To RSVP: email seminars@masshist.org or call (617) 646-0579.

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Brown Bag Ecology of Utopia: Environmental Discourse and Practice in Antebellum Communal Settlements 12 December 2018.Wednesday, 12:00PM - 1:00PM Molly Reed, Cornell University During the 1840s, members of short-lived intentional communities debated strategies for &ldquo ...

During the 1840s, members of short-lived intentional communities debated strategies for “getting back to nature” and explored emerging meanings of “natural” through radical hygiene, diet, and agricultural practices. This talk examines how Transcendentalist and Fourierist communitarians articulated human-environment relationships in terms that reflected and informed their visions for social change.

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Public Program, Conversation No More, America 12 December 2018.Wednesday, 6:00PM - 7:30PM There will be a pre-program reception at 5:30. Peter Galison, Harvard University; Henry Louis Gates Jr., Harvard University There is a $10 per person fee (no charge for MHS Fellows and Members or EBT cardholders). In 1773, two graduating Harvard seniors, Theodore Parsons and Eliphalet Pearson, were summoned ...

In 1773, two graduating Harvard seniors, Theodore Parsons and Eliphalet Pearson, were summoned before a public audience to debate whether slavery was compatible with “natural law.” Peter Galison’s short film, “No More, America” co-directed with Henry Louis Gates, reimagines this original debate to include the powerful voice of Phillis Wheatley, an acclaimed poet, then-enslaved, who lived just across the Charles River from the two Harvard students. Join us for a film screening followed by a discussion between Peter Galison, and Henry Louis Gates.

 

 

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MHS Tour The History and Collections of the MHS 15 December 2018.Saturday, 10:00AM - 11:30AM The History and Collections of the Massachusetts Historical Society Tour is a 90-minute docent-led ...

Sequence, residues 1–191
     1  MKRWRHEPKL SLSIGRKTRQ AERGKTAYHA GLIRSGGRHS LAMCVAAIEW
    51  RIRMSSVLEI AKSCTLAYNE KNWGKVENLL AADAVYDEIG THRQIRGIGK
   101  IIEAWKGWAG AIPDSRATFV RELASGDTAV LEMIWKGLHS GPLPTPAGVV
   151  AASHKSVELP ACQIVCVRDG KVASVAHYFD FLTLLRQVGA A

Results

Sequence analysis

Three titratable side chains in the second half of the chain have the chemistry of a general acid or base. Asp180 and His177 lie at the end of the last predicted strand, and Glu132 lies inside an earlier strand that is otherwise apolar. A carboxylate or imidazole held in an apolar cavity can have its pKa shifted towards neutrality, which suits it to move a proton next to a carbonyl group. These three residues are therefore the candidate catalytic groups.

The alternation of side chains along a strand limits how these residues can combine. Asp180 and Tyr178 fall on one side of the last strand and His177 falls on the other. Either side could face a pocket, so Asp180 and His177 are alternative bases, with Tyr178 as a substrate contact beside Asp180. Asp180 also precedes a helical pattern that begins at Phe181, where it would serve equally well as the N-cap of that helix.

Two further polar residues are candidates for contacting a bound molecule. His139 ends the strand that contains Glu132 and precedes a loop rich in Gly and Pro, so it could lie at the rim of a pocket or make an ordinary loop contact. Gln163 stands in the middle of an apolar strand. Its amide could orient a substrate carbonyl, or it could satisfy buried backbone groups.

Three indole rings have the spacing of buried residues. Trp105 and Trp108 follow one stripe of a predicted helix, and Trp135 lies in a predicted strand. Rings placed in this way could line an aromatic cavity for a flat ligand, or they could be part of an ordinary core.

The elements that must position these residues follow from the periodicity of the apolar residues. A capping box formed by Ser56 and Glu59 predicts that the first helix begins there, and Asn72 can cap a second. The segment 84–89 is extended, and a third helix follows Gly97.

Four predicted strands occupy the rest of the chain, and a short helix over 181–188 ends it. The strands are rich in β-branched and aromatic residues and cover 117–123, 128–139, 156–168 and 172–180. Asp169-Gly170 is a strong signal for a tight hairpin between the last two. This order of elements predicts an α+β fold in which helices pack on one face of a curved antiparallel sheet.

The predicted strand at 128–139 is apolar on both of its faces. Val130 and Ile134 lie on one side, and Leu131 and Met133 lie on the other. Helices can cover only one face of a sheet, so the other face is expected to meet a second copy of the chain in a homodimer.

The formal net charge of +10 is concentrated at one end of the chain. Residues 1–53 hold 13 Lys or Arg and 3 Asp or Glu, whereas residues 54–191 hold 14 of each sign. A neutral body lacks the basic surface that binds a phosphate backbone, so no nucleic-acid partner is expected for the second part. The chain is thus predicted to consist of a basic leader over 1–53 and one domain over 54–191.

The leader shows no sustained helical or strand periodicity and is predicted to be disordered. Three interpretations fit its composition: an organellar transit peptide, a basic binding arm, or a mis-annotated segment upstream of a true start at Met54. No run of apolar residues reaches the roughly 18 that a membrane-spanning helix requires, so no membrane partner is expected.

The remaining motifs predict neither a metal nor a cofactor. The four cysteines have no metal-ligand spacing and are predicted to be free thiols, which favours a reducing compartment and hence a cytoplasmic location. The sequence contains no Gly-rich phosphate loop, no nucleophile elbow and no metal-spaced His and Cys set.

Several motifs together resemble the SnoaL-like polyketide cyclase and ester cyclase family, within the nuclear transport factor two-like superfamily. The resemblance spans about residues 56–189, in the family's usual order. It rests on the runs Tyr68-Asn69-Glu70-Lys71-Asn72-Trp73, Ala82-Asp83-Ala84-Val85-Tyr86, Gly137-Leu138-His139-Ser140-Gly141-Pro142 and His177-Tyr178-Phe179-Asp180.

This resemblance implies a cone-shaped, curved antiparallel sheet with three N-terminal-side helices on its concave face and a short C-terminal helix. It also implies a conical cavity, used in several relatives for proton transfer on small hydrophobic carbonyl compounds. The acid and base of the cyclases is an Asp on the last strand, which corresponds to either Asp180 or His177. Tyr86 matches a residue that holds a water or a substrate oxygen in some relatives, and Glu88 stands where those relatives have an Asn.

The History and Collections of the Massachusetts Historical Society Tour is a 90-minute docent-led walk through our public rooms. The tour is free, open to the public, with no need for reservations. If you would like to bring a larger party (8 or more), please contact Curator of Art Anne Bentley at 617-646-0508 or abentley@masshist.org.

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History of Women and Gender Seminar Transgender History and Archives: An Interdisciplinary Conversation 18 December 2018.Tuesday, 5:30PM - 7:45PM RSVP required Location: Knafel Center, Radcliffe Institute Genny Beemyn, University of Massachusetts Amherst; Laura Peimer, Radcliffe Institute for Advanced Study; Sari L. Reisner, Harvard Medical School and Harvard T.H. Chan School of Public Health Moderator: Jen Manion, Amherst College This panel aims to begin an interdisciplinary conversation in transgender history. What is the state ...

This panel aims to begin an interdisciplinary conversation in transgender history. What is the state of the field of transgender studies in history, archiving, and public health? How do changes in popular usage and attitudes about terminology facilitate or hinder research? In what ways does transgender studies intersect with women’s and gender history and other feminist scholarly concerns?

To RSVP: email seminars@masshist.org or call (617) 646-0579.

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MHS Tour The History and Collections of the MHS 22 December 2018.Saturday, 10:00AM - 11:30AM The History and Collections of the Massachusetts Historical Society Tour is a 90-minute docent-led ...

The History and Collections of the Massachusetts Historical Society Tour is a 90-minute docent-led walk through our public rooms. The tour is free, open to the public, with no need for reservations. If you would like to bring a larger party (8 or more), please contact Curator of Art Anne Bentley at 617-646-0508 or abentley@masshist.org.

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Building Closed Building Closed 24 December 2018.Monday, all day The MHS is CLOSED.

The MHS is CLOSED.

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Building Closed Christmas Day 25 December 2018.Tuesday, all day The MHS is CLOSED for Christmas.

The MHS is CLOSED for Christmas.

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Holiday Hours Galleries Open 26 December 2018.Wednesday, all day The exhibition galleries are open, 10:00AM-4:00PM.

The exhibition galleries are open, 10:00AM-4:00PM.

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Library Closed Library Closed 26 December 2018.Wednesday, all day The MHS Library is CLOSED.

The MHS Library is CLOSED.

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Holiday Hours Galleries Open 27 December 2018.Thursday, all day The exhibition galleries are open, 10:00AM-4:00PM.

The exhibition galleries are open, 10:00AM-4:00PM.

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Library Closed Library Closed 27 December 2018.Thursday, all day The MHS Library is CLOSED.